NASA's new rover probably will cache samples for Earth return
space-science managers and the scientists they serve want to use the newly announced Curiosity 2.0 rover to collect samples for eventual analysis on Earth.
But with U.S. federal spending teetering on the “fiscal cliff,” the space agency's White House overseers are not ready to commit to a mission that is pointless without an expensive follow-on to develop a way to get the samples back.
Instead,is setting up a “science definition team” to decide how to use the proposed Curiosity-derived rover when it reaches the surface of Mars in 2020. The instruments that will ride on the big rover will be chosen in an open competition based on that team's work, starting with an announcement of opportunity next summer. Like Curiosity, the new rover will again use the “sky crane” technique to touch down.
Mars Sample Return (MSR) remains the top priority of the planetary scientists polled by the National Research Council for its latest decadal survey on the subject. A pickup committee of experts NASA pulled together after the U.S. bailed out of a joint sample-return effort with Europe last year reiterated that goal this fall. But in announcing the agency's decision to spend $1.5 billion—give or take $200 million—to launch another rover to the surface of Mars in 2020, NASA'S science chief was careful to keep his options open.
“The science definition team is going to have to weigh what science do we want to get done; how much mass and power do we have available; what can we get to the surface and where do we want to go,” says Associate Administrator John Grunsfeld. “[The team] may decide that they want caching [or] they may decide that they would rather use that weight and volume for additional in-situ science to go to some really interesting place that would emerge from what we discover in the next six months to eight months on Curiosity.”
NASA's plan to build another Curiosity-class rover, announced Dec. 4 in San Francisco at the American Geophysical Union Fall Meeting, follows a decision to place an astrobiology instrument on the European Space Agency's (ESA) planned 2018 rover mission to drill deeper than ever below the Martian surface. The Mars Organics Molecule Analyzer (MOMA), will use gas chromatograph mass spectrometry and laser desorption mass spectrometry to analyze samples retrieved from as much as two meters below the surface by ESA's ExoMars drill. It also reestablishes some of the coordination with ESA in Mars exploration lost when NASA pulled out of ExoMars for budget reasons, and the European agency turned to Russia for launches and other help (AW&ST Feb. 20, p. 33).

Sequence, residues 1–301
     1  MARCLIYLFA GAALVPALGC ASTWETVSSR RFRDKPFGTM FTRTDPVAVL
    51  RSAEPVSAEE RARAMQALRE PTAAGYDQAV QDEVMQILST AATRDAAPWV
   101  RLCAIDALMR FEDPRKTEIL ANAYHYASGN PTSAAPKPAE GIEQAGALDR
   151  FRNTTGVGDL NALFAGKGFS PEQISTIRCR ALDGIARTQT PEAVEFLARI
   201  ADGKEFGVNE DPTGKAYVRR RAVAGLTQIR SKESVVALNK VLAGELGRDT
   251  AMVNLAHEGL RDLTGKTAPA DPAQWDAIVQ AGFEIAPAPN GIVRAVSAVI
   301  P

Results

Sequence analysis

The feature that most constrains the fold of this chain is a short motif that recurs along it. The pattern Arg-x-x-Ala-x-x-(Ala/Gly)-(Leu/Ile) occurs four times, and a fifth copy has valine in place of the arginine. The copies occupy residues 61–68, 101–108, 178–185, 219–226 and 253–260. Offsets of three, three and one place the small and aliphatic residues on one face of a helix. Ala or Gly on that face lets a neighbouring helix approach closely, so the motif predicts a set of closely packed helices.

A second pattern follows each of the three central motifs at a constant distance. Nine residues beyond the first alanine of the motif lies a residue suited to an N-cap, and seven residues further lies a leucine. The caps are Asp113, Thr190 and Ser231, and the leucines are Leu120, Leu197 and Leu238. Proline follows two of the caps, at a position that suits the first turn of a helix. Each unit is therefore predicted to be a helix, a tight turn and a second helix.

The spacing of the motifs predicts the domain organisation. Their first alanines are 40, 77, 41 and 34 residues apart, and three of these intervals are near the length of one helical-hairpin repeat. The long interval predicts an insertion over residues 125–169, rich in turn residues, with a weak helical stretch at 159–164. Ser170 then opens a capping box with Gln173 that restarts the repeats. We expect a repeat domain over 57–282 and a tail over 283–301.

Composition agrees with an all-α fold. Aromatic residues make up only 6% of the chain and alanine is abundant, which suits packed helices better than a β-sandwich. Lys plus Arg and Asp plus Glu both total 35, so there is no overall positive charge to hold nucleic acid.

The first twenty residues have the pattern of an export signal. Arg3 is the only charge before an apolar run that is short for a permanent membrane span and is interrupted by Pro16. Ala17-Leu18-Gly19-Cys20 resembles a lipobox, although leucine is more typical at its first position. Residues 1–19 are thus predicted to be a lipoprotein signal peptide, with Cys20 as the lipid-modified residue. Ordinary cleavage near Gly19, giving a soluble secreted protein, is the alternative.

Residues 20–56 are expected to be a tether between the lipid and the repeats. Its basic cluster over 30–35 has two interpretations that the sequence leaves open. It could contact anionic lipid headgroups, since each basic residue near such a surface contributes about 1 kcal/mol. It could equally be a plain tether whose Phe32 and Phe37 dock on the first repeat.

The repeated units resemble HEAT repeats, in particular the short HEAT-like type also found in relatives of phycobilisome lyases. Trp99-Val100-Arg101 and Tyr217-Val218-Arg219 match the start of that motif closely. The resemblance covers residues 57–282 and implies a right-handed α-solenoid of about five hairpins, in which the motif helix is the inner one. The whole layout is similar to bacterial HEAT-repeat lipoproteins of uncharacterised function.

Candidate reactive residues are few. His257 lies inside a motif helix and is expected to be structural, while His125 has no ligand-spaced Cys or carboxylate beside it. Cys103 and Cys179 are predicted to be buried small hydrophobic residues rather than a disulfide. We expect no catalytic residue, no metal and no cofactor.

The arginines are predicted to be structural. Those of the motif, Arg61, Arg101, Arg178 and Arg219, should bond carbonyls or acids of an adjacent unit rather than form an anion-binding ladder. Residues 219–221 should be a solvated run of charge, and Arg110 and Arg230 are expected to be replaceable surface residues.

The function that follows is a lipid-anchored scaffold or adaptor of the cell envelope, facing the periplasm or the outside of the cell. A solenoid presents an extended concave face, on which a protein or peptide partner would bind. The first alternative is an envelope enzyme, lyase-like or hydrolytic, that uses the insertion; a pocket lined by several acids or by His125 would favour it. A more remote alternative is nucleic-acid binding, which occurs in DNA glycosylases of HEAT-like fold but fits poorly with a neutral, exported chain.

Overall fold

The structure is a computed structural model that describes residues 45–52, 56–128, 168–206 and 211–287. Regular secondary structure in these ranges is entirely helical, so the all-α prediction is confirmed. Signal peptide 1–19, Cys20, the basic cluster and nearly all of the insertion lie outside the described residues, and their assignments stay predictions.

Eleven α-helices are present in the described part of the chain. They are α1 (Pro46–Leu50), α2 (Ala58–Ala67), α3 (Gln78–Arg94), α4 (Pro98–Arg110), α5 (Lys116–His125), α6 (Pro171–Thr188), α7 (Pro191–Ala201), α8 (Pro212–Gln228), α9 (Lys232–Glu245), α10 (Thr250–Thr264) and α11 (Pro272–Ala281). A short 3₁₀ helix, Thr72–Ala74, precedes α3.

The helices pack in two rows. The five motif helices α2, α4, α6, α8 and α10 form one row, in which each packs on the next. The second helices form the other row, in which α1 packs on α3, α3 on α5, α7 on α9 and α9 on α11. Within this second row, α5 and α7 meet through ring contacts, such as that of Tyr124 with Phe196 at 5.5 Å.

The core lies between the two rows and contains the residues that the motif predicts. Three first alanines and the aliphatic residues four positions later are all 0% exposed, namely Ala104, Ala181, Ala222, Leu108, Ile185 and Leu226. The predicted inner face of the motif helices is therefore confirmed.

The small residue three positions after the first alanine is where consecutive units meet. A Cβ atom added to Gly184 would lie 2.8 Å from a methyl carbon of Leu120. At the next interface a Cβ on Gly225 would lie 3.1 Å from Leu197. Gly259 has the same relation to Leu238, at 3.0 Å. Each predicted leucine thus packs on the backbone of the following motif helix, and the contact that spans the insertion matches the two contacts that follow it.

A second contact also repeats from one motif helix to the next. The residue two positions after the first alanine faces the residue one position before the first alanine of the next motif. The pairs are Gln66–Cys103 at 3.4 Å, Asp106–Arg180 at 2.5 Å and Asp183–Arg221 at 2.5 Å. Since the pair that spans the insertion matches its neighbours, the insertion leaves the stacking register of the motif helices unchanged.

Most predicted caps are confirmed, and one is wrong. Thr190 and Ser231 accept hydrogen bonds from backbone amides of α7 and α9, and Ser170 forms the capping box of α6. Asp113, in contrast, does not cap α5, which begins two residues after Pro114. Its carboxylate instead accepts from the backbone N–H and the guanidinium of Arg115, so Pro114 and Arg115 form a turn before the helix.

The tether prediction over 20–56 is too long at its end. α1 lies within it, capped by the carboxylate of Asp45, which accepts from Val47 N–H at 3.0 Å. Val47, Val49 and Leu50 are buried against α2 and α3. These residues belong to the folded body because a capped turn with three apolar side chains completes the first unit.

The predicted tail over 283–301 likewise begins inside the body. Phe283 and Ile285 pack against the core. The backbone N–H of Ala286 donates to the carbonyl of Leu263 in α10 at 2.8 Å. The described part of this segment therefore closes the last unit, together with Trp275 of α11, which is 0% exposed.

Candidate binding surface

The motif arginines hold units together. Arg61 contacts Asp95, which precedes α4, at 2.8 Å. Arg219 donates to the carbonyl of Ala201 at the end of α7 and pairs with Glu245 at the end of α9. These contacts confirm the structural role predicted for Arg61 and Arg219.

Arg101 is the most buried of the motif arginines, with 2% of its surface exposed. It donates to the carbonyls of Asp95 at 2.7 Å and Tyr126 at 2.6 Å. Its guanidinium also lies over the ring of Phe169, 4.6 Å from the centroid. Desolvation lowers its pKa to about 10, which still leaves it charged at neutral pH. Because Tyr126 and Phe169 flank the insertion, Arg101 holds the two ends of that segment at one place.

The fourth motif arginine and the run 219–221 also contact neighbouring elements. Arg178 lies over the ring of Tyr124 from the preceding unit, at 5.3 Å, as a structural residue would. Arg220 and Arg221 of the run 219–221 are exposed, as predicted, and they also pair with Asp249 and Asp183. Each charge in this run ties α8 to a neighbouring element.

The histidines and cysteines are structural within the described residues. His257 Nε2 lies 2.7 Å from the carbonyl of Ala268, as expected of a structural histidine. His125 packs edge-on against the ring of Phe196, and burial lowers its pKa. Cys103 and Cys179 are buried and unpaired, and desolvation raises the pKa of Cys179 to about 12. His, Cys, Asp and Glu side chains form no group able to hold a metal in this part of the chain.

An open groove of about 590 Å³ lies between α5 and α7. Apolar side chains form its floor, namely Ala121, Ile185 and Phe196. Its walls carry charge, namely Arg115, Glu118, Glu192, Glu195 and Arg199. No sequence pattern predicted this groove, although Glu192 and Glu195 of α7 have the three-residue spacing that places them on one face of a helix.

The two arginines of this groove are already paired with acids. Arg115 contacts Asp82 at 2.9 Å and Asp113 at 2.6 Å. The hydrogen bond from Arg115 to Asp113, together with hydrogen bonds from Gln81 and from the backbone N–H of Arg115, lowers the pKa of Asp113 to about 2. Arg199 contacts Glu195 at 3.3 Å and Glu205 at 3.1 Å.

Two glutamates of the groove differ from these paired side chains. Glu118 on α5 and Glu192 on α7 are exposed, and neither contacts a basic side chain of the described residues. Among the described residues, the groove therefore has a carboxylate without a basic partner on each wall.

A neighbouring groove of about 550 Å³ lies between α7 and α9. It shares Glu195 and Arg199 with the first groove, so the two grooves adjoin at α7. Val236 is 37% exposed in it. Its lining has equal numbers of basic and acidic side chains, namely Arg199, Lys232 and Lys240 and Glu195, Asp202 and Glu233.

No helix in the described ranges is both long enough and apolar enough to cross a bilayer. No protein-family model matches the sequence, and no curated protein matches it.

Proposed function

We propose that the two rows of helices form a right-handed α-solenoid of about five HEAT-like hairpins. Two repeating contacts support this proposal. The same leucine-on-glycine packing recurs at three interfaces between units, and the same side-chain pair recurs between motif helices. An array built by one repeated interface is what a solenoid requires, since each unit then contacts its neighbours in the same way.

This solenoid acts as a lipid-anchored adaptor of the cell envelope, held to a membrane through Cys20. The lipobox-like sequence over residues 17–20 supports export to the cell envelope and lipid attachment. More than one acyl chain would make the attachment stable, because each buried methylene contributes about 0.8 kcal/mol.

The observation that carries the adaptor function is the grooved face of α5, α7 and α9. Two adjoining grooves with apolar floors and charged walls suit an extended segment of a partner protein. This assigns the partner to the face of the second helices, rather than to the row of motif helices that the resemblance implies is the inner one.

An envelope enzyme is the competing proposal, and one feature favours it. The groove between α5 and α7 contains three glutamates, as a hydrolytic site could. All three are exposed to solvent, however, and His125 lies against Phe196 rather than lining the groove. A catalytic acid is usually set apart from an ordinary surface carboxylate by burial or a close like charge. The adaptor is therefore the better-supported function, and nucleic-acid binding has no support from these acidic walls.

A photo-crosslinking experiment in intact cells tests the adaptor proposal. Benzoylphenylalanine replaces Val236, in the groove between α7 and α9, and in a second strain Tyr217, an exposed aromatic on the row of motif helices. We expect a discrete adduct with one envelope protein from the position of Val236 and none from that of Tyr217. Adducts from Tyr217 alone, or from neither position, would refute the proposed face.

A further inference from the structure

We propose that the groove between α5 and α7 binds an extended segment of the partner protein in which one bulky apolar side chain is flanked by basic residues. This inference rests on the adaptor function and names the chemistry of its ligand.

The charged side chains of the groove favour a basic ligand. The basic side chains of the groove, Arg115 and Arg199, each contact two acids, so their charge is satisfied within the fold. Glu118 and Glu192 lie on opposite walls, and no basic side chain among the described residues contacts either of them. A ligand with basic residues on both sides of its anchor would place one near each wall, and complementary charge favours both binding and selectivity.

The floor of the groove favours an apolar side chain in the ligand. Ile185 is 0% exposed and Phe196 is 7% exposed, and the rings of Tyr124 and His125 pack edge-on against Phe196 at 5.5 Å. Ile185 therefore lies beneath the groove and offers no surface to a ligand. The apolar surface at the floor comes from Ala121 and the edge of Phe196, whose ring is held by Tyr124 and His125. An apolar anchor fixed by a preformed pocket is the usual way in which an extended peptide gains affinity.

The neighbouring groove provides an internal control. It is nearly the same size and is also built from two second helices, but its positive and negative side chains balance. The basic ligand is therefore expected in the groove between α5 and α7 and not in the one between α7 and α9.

Coupled with Curiosity's findings as it explores the rock layers in the central mountain that rises from the floor of Gale Crater, and detailed data collected from the Mars Odyssey orbiter, Mars Reconnaissance Orbiter (MRO) and ESA's Mars Express orbiter, results from the U.S. instrument on ExoMars should help guide the 2020 mission to a likely site for evidence of life on Mars, says Scott Hubbard, a Stanford University professor who was NASA's first “Mars czar,” and has written a memoir—“Exploring Mars”—based on that experience.
“In principle, you get below the irradiated top meter or so, down to some material that is more pristine, that hasn't been disturbed by radiation or the surface environment or what they call gardening, where meteorites hit and churn up the soil,” Hubbard says.
Grunsfeld also stresses that NASA is providing its Electra radios for ESA's 2016 ExoMars orbiter, which would be able to act as a relay for the 2020 U.S. rover in case the MRO spacecraft playing that role for Curiosity goes down.